Benefits of saffron
(medicinal properties of saffron)
Saffron has been known since Antiquity as a remedy for all pains, without claiming to be a universal medicine, it is however a natural solution for many health problems in our times.
In the East, saffron was generally used to treat light to moderate depression; it had the reputation to bring cheerfulness and wisdom. Because of this, it is said that it has aphrodisiac properties for women.
In Morocco, saffron is part of a remedy passed down from mother to daughter still used to relieve tooth ache when babies get their first teeth (for external use: analgesic for gums), by massaging gums with a gold ring coated with honey and saffron, a lotion with natural antiseptic properties. In France, the well known Delabarre syrup took up the same recipe. Grand-mothers also relieved young women's painful periods by giving them tea or milk with saffron.
This spice has been well known for a very long time as a remedy against many ailments. It is among the richest plant sources of riboflavin (vitamin B2). It also contains an essential oil, safranal, and some crocetins which are carotenoids, that is to say pro-vitamin A.
Whereas pigments play a stimulating function in digestion (using from 0.5 to 1 g per litre of water, saffron stimulates digestion), safranal has a sedative action. In general, saffron is known to act on the nervous system: it would be both analgesic and tonic.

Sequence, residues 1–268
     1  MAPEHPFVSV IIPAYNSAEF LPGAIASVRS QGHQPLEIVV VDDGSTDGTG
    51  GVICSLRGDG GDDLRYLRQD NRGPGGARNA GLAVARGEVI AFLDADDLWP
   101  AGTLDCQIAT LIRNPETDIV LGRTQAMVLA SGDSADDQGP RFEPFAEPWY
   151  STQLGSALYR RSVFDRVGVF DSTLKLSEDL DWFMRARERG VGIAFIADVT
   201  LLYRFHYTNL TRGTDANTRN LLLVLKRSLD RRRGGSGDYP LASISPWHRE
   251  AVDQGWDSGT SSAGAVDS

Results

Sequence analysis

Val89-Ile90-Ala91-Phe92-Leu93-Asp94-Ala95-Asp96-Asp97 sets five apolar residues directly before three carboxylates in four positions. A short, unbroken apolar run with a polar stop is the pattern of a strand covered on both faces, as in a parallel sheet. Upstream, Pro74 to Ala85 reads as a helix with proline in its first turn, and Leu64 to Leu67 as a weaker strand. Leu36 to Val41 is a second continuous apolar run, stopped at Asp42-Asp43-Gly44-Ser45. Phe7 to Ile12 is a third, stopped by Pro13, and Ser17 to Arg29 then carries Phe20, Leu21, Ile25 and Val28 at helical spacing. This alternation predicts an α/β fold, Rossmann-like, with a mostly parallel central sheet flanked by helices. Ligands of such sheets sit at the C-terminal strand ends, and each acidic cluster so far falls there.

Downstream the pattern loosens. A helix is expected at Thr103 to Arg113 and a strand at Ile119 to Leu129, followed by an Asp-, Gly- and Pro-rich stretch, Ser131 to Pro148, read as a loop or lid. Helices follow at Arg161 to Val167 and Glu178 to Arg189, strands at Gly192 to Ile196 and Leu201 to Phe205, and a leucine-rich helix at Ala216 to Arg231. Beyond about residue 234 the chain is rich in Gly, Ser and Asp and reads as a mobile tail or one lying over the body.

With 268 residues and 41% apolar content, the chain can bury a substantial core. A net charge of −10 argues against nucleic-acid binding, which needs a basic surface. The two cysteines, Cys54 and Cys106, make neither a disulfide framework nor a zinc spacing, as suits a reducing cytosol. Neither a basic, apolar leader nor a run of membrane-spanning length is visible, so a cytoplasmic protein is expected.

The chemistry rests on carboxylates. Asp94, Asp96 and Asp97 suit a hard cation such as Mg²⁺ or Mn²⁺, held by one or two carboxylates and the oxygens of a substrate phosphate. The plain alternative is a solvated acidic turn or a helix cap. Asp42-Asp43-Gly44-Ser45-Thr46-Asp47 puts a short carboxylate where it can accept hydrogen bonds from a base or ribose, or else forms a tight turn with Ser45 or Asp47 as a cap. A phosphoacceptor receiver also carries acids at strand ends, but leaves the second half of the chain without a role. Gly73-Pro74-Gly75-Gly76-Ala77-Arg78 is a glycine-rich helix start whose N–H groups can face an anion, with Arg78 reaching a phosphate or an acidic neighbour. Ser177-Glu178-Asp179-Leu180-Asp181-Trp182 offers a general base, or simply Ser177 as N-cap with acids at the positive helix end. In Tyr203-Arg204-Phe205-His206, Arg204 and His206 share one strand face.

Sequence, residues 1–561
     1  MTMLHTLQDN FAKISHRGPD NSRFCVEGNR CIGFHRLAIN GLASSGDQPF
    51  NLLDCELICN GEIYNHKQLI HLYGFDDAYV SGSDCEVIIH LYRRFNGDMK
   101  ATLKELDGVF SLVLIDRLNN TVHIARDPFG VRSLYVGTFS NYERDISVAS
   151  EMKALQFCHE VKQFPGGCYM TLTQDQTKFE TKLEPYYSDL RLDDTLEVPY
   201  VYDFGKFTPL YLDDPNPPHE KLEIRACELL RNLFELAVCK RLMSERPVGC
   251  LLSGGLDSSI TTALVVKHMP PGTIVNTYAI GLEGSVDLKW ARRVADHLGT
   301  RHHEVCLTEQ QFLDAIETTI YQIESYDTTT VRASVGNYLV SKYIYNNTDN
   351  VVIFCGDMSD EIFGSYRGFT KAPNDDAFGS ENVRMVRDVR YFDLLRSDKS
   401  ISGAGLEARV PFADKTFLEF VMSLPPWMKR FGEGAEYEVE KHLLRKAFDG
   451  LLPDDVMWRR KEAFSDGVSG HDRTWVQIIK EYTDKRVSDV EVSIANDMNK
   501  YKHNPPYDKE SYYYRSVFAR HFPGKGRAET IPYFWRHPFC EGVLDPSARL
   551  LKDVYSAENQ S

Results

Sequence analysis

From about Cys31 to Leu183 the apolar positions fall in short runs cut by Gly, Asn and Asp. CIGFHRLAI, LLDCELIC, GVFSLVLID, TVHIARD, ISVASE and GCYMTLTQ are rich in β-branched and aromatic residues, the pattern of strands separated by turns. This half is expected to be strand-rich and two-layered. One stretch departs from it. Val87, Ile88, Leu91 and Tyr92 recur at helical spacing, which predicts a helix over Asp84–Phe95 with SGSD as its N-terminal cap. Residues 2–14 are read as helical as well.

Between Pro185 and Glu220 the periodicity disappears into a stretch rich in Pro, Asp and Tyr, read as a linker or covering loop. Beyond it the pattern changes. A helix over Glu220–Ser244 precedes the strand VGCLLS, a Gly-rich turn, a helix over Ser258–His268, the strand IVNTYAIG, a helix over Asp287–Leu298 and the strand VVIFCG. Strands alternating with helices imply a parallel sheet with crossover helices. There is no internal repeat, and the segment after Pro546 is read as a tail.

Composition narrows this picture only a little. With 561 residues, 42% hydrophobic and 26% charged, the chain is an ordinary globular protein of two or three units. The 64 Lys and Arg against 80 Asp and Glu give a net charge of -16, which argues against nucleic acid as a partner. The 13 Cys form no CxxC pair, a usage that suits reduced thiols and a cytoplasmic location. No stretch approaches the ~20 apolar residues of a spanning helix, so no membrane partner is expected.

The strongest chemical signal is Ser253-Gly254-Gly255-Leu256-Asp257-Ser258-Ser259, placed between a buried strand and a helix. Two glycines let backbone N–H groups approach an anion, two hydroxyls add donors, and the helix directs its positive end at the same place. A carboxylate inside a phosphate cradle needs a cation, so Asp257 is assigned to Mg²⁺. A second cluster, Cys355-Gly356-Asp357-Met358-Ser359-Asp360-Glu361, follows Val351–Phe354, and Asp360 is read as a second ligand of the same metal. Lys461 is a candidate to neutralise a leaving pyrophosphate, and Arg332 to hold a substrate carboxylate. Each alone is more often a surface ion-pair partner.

In traditional medicine, the plant is used as a stomachic. In Chinese medicine, it is employed as a painkiller for cramps and asthma and can also treat bruises.
It allows heart rate to slow down as well as lowering blood pressure and even stimulate respiration. It is said to ease digestion, relieve the liver and also thin the blood.
At very high doses, saffron can be dangerous (>10 g), which would be an exceptional case as the usual proportion is from 0.01g to 0.02 g per person.
In hot drinks: crocus sativus soothes coughs and relieves colds. The right dose for hot drinks is: from 0.5 g to 1 g per litre of water.
In massages: it relieves from pain, in particular in gums. It is used as a pure powder or diluted with honey to apply directly in the mouth or mixed with some glycerin to relax tense body areas.
In broths: it stimulates digestion (the right dose: 1g per liter)
In pills: laboratories use an extract from the top part of the pistil having effect on neurotransmitters as a natural antidepressant. Where can you find it? In its natural form (threads or powder) from the producers.
Saffron is a powerful dye too
Saffron's dyeing power is still used to give the golden yellow colour to cloth used for special purposes like Buddhist robes, the bride's veil in some countries of Maghreb, and above all in carpets as it is said to act as a moth repellent.
The famous Venetian blond of Italian renaissance women was obtained by coating their hair with a mixture of saffron and lemon, then staying out in the sun.